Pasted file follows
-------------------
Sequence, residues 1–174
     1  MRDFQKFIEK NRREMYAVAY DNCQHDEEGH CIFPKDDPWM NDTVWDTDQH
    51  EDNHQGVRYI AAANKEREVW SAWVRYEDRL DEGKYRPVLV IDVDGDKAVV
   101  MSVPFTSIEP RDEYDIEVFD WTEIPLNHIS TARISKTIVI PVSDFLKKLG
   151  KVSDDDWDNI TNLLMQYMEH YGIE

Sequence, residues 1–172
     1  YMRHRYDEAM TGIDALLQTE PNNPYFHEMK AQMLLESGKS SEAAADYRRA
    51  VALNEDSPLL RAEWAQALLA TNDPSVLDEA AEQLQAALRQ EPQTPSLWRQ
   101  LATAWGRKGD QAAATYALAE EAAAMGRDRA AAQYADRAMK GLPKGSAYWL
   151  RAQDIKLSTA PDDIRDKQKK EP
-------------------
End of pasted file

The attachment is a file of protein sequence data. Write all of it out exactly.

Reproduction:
Sequence, residues 1–174
     1  MRDFQKFIEK NRREMYAVAY DNCQHDEEGH CIFPKDDPWM NDTVWDTDQH
    51  EDNHQGVRYI AAANKEREVW SAWVRYEDRL DEGKYRPVLV IDVDGDKAVV
   101  MSVPFTSIEP RDEYDIEVFD WTEIPLNHIS TARISKTIVI PVSDFLKKLG
   151  KVSDDDWDNI TNLLMQYMEH YGIE

Sequence, residues 1–172
     1  YMRHRYDEAM TGIDALLQTE PNNPYFHEMK AQMLLESGKS SEAAADYRRA
    51  VALNEDSPLL RAEWAQALLA TNDPSVLDEA AEQLQAALRQ EPQTPSLWRQ
   101  LATAWGRKGD QAAATYALAE EAAAMGRDRA AAQYADRAMK GLPKGSAYWL
   151  RAQDIKLSTA PDDIRDKQKK EP